According to the artist Bob and Roberta Smith leaving the EU will have a devastating impact on our artists, museums and galleries, with Brexit meaning the end of a period of British culture born out of the ashes of the Second World War that was open, intellectually curious and essentially generous. As the UK Government releases Technical Notices on a ‘No Deal Brexit’ and we approach the date of the People’s Vote March for the Future in Central London on 20 October, our panelists will explore the possible impact of Brexit on the cultural sector and ask how we should respond as artists and stakeholders working within the arts. The panel will also discuss the changing funding landscape and our shifting relationship with Europe.

Free but tickets must be booked here:

https://www.eventbrite.com/e/brexit-will-spell-the-end-of-british-art-as-we-know-it-discuss-tickets-50216631296

Panelists will include:

Shoair Mavlian, Director of Photoworks and former Assistant Curator at Tate Modern.

Mahtab Hussain, whose work explores the relationship between identity, heritage and displacement. Mahtab was recently featured on the BBC 4 documentary ‘What Do Artists Do All Day?’.

Natasha Caruana, artist and Senior Lecturer of Photography at the University for the Creative Arts, Farnham, UK

Michael Lightfoot, artist, illustrator, and director of Artists for Brexit, a network of artists, arts workers and arts enthusiasts who support the process of securing independence for the UK.

and Uta Kogelsberger, a London based artist working with photography, video installation and sound. Uta’s new work ‘Uncertain Subjects: Part II’ being shown as part of the 2018 Brighton Photo Biennial gives a voice to those who feel they are not being heard in the current Brexit negotiations.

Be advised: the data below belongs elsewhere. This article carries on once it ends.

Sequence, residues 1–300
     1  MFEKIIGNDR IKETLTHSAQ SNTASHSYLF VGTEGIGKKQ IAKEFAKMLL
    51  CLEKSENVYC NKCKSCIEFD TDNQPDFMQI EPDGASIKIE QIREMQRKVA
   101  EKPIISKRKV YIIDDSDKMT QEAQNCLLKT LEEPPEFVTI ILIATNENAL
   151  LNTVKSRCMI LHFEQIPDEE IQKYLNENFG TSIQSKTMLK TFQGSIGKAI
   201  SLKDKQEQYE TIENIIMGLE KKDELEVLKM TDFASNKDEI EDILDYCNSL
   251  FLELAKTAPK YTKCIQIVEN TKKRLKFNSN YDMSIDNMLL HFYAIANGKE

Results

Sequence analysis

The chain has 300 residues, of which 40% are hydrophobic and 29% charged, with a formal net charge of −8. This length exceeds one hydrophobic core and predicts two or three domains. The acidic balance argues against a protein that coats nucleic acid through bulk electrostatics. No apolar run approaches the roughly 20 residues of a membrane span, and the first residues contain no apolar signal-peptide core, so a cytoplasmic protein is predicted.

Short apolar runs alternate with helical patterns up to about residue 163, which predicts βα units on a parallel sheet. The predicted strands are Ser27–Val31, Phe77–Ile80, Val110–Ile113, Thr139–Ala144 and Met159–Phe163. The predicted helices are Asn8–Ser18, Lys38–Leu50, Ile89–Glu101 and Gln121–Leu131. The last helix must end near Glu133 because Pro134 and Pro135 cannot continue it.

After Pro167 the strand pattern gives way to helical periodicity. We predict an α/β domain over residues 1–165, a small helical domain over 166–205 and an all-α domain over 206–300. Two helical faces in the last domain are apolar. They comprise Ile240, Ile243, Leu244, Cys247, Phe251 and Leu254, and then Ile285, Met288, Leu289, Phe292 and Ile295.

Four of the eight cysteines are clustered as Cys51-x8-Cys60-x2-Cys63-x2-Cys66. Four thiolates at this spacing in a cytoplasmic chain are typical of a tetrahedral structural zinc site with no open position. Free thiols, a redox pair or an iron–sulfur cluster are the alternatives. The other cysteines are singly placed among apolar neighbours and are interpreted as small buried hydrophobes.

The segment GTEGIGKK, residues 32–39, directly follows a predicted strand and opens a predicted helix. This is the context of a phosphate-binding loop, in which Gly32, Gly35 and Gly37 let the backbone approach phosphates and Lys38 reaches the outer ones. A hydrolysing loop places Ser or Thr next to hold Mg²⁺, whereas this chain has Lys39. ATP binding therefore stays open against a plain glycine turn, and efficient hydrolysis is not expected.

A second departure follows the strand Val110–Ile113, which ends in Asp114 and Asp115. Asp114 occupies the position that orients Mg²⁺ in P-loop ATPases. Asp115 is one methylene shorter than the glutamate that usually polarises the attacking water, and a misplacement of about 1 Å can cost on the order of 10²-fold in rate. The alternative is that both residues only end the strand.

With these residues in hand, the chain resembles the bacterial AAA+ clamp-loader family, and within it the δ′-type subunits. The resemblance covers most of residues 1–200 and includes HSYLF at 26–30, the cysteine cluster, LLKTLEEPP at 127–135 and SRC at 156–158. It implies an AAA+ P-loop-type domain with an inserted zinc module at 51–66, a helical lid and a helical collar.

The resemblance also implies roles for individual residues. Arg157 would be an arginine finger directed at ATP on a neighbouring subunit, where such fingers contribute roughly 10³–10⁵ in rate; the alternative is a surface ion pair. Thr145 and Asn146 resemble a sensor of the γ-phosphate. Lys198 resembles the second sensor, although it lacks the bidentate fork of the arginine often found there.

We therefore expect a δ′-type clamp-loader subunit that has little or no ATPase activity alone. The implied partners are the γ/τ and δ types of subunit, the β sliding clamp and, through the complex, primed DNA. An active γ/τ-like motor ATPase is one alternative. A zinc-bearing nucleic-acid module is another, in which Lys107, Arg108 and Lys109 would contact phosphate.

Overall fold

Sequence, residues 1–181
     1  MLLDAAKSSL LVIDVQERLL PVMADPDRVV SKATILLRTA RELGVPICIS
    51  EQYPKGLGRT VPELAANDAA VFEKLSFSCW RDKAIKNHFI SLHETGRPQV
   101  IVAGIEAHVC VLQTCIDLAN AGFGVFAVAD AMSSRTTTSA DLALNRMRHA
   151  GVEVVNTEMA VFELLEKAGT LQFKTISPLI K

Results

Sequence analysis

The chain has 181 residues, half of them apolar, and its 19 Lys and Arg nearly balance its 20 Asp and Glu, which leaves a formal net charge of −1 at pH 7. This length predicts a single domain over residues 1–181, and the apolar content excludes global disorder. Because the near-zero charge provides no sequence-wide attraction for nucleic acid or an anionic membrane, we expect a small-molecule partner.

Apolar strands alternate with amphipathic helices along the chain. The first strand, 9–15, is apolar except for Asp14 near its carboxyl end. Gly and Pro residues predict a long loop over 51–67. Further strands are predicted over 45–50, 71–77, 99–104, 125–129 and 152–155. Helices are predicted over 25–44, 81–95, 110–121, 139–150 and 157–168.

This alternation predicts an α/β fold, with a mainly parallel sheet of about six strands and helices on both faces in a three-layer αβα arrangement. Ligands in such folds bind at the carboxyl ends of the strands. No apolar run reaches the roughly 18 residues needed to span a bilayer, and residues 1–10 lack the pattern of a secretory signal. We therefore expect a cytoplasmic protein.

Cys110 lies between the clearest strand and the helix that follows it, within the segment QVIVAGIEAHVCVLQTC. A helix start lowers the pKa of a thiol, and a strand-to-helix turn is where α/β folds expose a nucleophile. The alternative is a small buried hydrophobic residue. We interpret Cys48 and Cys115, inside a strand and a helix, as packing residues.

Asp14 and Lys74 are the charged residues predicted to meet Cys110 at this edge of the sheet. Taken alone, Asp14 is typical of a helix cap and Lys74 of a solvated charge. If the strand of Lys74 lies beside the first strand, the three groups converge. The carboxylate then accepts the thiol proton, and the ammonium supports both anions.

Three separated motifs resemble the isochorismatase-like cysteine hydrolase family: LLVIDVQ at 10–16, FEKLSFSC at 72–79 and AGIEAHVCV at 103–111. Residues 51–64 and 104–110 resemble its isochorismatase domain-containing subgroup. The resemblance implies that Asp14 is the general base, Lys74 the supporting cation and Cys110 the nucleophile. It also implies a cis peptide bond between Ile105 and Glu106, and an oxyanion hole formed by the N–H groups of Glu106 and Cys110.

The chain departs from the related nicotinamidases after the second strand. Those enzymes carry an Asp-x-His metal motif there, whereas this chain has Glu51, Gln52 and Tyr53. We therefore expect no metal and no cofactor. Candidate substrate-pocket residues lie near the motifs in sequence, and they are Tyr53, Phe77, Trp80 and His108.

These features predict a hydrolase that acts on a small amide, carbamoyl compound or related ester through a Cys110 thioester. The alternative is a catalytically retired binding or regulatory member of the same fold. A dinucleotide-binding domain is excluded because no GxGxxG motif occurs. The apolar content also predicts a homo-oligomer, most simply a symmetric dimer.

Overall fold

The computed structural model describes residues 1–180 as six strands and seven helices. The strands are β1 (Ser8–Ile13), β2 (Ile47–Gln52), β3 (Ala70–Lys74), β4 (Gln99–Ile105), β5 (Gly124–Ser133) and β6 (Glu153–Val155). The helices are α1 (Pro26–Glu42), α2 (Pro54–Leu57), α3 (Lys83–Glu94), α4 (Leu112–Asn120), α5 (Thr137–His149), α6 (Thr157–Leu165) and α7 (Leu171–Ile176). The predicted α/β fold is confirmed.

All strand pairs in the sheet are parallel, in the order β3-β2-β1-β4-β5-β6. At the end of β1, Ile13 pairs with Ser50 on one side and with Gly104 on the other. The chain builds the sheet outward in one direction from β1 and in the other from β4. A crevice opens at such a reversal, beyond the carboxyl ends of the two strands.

This event forms part of the 2018 Brighton Photo Biennial festival and is supported by Arts Council EnglandPhotoworks and the Brighton Photo Fringe.

It has been convened by Brighton-based artist Simon Roberts, who is showing work during the festival exploring Brexit.

Flowers Gallery is pleased to present an exhibition by British photographer Simon Roberts, bringing together works from his extended photographic surveys of Russia and Britain produced over a period of 15 years.

Simon Roberts is known for his major bodies of work, We English, Pierdom, and Merrie Albion, which together comprise one of the most significant contemporary photographic studies of Britain since the new color documentary of the 1980s. His earlier series Motherland remains one of the most extensive, comprehensive photographic accounts of Russia by a Western photographer. Presented together in this exhibition, Homeland explores Roberts’ critical reflection on the relationship between contemporary national identity and place, and his ongoing investigation of what draws people together within a particular landscape.

Free entry and open Tuesday to Saturday 10am – 6pm

Simon will be in conversation with W.M Hunt on Saturday November 17 at 3.30pm.

Press Release: (pdf).